“Dad,” Matt hissed in an aside. “Do Colin’s trunks really look silly?” He waved weakly at Brittany.

“Just go have a good time, Son. Brittany likes you, not your baggy drawers. I didn’t intend to embarrass you with them, you know. Just have fun today.”

“You didn’t intend to embarrass me? And yet I’m a clown?”

When his father threw an arm around him, patting him roughly on the cheek, Matt stumbled, a self-conscious grin shooting across his face.

“You’re my son, and I love you. Even wearing Colin’s trunks. Just have fun on the lake.”

Matt made a face, pulling one leg of the trunks out to twice the size of his waist. “Okay, Dad. Wearing these is still going to be embarrassing.”

“Good,” Jon chuckled. “Trust me, when you’re on some duty assignment halfway across the world, right now will be the memory that’ll get you back home.”

Years after his Uncle Joey’s funeral, Jon had read the letters his uncle had written to his grandmother. It had been the kooky things he’d written home about, the quirky events that most people find embarrassing. He’d said those memories were the ones that kept coming back to him, and he’d told his company the stories over and over just to keep them all sane. It had worked, too, until the day when a booby trap took his leg, and later, infection took his life.

“Go give your mother a hug, and don’t stay all day.” Jon pushed Matt Mary Ann’s way.

As Matt hugged his mother and turned to run toward the water’s edge, he swept Brittany in his arms, and his youthful legs bypassed the dock to splash his way to the waiting boat, his laughing voice greeting those onboard.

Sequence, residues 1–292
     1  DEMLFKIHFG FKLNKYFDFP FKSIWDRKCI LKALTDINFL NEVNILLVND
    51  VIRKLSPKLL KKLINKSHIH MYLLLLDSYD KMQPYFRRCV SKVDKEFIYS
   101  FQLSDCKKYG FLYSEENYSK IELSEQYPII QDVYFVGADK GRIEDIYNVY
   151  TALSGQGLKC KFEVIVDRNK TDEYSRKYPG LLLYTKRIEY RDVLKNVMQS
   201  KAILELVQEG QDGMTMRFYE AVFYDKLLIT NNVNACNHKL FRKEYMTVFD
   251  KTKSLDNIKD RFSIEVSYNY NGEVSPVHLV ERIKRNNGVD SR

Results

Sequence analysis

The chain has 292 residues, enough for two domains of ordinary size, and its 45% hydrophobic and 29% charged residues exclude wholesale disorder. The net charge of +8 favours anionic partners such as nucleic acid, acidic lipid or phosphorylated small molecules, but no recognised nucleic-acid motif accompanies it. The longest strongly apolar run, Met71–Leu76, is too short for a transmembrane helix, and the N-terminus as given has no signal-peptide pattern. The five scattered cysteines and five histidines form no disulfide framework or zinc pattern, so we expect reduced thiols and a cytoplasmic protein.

Jon tried valiantly to memorize the scene unfolding before him. For some reason, on that bright day, with sounds of laughter all around, all he could think of was his grandmother’s voice as she placed Uncle Joey’s letters back into the old shoebox where she always kept them: “If I’d only known I’d never see him again, I would have given him one more hug before he went off that final day.”

The boat had been speeding away, though, and there was no opportunity for another hug. Now Jon and Mary Ann were on their way to California to pick up Matt’s things. The news had been delivered. Missing in Action. So many men were missing in action, dead or imprisoned, and Mary Ann had been traumatized. His things were being delivered to Camp Pendleton near Los Angeles, and she insisted on being there to accept delivery herself.

However, when it came to boarding an airplane, all she’d been able to say was that Matt had taken a plane, and he hadn’t come home. She wouldn’t fly to California. Jon was taking some time off, letting his senior manager run things for a time, to allow him and Mary Ann to drive to California. They were in the car a few hours a day, permitting them time to stop at sights along the way. Overall he wasn’t disappointed with the arrangement. He felt the time on the road was good for his wife.

He knew he also needed the opportunity to come to grips with their news. He did have one regret, though. He wished with all his heart that on that summer day when Matt had run for the boat, he’d called him back for one more hug. Now he never could. He knew he shouldn’t blame himself for what had happened to his son, but at times he felt an overwhelming surge of accusation insisting that everything was his fault. Matt would have come home again if Jon had simply made the effort to give his son that final hug.



James K. Polk



Washington, May 11, 1846.

To the Senate and the House of Representatives: